I'm using the internal glass platen, not the top glass, with a piece of museum glass to hold the negative flat. Perhaps my expectations are simply too high, but over and over I seem to see images posted here that appear to show far more detail than what I'm getting. It doesn't sound as though there is any real purpose in my replacing my current scanner. If I have a particular project, I suppose I could always send something off to be drum scanned.

  4. #4

    Join Date
    Aug 2013
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    Re: Question relative scanner performance

    I had terrible results scanning on the glass on both the i800 (comparable to your 8700) & i900.
    Perhaps if the file was elevated (discussed in this group much) results would be better.
    Using the film holders offers excellent results. just completed a project of 25k in A120s.
    Previously scanned 3k in 4 X 5's.

  5. #5

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    Aug 2013
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    Re: Question relative scanner performance

    KMiller, I was referring to the glass platen (lower drawer) and not the reflective (top) glass.
    Try elevating the film with something of slight thickness (discussed here many, many times).

    Don't you have any film holders? 4 x 5's, 120s, 35mm, slides? To be used in the lower drawer with the non-glass platen.

  6. #6

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    Aug 2013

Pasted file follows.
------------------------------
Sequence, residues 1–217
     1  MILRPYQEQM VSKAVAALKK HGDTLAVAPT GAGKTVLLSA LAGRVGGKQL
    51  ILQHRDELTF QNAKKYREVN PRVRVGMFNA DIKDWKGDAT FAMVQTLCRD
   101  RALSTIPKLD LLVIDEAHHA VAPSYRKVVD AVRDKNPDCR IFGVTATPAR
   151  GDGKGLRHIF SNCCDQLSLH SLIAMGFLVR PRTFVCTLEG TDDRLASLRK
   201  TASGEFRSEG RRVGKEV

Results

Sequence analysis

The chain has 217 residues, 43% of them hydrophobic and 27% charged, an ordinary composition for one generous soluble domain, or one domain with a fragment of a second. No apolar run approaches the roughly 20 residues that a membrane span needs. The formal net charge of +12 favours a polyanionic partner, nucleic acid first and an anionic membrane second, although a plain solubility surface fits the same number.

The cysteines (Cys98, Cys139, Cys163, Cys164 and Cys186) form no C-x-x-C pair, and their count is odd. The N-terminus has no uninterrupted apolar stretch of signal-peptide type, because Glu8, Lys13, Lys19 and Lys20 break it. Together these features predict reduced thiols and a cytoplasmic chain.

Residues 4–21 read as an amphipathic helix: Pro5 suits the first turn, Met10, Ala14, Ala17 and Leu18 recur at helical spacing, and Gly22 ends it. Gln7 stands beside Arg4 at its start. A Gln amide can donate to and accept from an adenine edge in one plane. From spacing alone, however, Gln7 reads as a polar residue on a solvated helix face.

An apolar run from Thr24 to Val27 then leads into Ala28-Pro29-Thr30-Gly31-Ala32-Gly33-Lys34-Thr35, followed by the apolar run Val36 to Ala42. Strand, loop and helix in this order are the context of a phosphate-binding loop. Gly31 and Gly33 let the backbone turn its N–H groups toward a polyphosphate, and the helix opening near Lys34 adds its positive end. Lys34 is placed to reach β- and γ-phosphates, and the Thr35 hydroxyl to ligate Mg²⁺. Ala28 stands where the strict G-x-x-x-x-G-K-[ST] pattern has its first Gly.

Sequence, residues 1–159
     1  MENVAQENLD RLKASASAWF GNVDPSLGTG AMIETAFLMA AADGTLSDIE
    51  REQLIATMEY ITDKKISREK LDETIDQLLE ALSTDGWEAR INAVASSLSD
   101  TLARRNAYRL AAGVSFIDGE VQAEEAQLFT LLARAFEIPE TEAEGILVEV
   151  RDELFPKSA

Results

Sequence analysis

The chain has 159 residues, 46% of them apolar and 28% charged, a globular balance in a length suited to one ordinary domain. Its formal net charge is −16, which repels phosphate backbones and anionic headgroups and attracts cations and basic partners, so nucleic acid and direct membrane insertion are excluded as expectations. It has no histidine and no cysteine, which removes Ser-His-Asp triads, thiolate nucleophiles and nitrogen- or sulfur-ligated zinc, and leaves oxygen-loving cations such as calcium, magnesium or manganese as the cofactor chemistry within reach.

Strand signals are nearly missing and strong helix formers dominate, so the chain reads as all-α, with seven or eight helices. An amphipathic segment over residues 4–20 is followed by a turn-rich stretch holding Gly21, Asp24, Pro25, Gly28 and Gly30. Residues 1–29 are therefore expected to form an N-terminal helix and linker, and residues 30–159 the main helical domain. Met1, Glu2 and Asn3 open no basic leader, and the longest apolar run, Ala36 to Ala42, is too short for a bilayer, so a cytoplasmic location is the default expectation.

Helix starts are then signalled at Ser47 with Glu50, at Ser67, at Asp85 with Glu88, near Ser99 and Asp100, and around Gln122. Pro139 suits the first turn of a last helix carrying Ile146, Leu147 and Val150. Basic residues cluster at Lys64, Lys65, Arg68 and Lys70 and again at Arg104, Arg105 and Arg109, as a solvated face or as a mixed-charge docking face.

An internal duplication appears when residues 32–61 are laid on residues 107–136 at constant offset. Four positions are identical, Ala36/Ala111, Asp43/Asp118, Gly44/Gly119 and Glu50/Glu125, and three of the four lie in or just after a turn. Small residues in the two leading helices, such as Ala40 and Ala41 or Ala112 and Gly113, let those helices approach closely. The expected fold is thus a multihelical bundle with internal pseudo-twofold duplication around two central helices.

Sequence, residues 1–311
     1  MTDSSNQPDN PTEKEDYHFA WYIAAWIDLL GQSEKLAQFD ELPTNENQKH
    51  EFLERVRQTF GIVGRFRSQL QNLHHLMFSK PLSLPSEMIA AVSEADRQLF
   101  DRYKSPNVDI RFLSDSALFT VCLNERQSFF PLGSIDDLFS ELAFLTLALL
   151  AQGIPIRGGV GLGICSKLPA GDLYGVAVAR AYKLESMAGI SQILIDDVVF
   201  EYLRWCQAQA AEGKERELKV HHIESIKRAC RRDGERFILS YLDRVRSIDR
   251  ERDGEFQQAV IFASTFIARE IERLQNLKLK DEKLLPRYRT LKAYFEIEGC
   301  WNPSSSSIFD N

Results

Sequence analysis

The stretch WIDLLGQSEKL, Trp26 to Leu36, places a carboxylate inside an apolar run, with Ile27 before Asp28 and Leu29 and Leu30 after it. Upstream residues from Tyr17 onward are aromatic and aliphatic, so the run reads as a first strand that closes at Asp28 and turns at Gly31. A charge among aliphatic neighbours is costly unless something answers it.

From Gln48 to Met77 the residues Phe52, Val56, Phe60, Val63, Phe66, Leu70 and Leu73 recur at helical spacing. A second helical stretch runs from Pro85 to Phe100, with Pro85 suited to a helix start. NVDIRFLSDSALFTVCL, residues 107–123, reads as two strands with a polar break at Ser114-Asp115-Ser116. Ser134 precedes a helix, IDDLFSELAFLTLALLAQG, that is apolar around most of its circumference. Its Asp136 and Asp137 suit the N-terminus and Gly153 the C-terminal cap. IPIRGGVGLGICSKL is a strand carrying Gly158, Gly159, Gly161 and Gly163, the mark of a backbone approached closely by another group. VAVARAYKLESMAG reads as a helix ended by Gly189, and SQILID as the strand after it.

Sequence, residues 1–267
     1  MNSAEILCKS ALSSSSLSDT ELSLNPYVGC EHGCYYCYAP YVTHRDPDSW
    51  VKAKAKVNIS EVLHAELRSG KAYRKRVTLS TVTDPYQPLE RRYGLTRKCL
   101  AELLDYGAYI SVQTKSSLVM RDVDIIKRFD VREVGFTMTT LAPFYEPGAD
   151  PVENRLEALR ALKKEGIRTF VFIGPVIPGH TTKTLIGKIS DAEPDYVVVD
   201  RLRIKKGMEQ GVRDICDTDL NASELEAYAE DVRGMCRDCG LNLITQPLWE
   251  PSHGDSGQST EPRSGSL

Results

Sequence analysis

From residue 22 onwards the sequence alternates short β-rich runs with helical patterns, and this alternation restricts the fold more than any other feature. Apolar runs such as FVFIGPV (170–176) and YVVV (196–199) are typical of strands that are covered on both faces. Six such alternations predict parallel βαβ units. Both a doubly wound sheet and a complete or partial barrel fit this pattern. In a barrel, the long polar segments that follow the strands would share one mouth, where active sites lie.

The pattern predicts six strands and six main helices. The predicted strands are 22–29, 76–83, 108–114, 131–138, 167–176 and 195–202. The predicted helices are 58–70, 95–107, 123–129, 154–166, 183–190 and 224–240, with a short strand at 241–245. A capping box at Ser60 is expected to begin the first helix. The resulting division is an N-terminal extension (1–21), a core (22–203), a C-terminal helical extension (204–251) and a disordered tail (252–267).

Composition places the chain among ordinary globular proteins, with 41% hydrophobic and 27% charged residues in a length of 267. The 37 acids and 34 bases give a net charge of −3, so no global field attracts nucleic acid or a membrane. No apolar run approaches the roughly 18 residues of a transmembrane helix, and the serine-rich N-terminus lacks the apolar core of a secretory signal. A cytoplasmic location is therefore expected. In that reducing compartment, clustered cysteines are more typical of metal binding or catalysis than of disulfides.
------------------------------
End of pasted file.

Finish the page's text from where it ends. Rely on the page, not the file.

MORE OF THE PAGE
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    Re: Question relative scanner performance

    KMiller,
    If you don't have any film holders?
    The holders for the 8700, i800 and i900 are identical although they may be a different color (doesn't matter).
    Somebody is selling film holders on eBay for $20 each (absurd).
    With careful shopping, I've purchased multiple i900's with near-complete accessories (one in original box) for less than $100 to the door. It does take patience, but well worth it IMO.

  7. #7

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    Re: Question relative scanner performance

    My i900 still serves me well. I have tried a variety of Epsons and never found one to match the i900.

  8. #8

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    Re: Question relative scanner performance

    the i900's were built for professionals and durability.
    Granted they are slower than LED's but they are workhorses,

  9. #9

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    Re: Question relative scanner performance

    Wilderness, I do have the original film holders, but they only go up to 4x5 (which works well). Nothing that will accommodate a 5x7.

  10. #10

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    Aug 2013
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    Re: Question relative scanner performance

    KMiller,
    You may purchase some 8 X 10 plastic sheets (approx $15-20) from a machinists supply that are .080 thick (among other thickness').
    If you cut them yourself it'll be messy. Some machinists shops have an oil or water cooled CNC that cuts plastic without breaking or leaving loose shavings. leaving a 1/16-inch border for 5 x 7's (the border shadowed the edges (although it was visible), but I was pleased with the results..
    In the B&W 4 x 5 project I did, about one-third were 3 x 4. I had these custom made (after trying thin cardboard) (using them in the 4x 5 holders) and they maintained their firmness. A friend had it done for me at cost and it wasn't cheap even then.
    A place that makes custom holders has been mentioned in this forum multiple times, don't recall the name.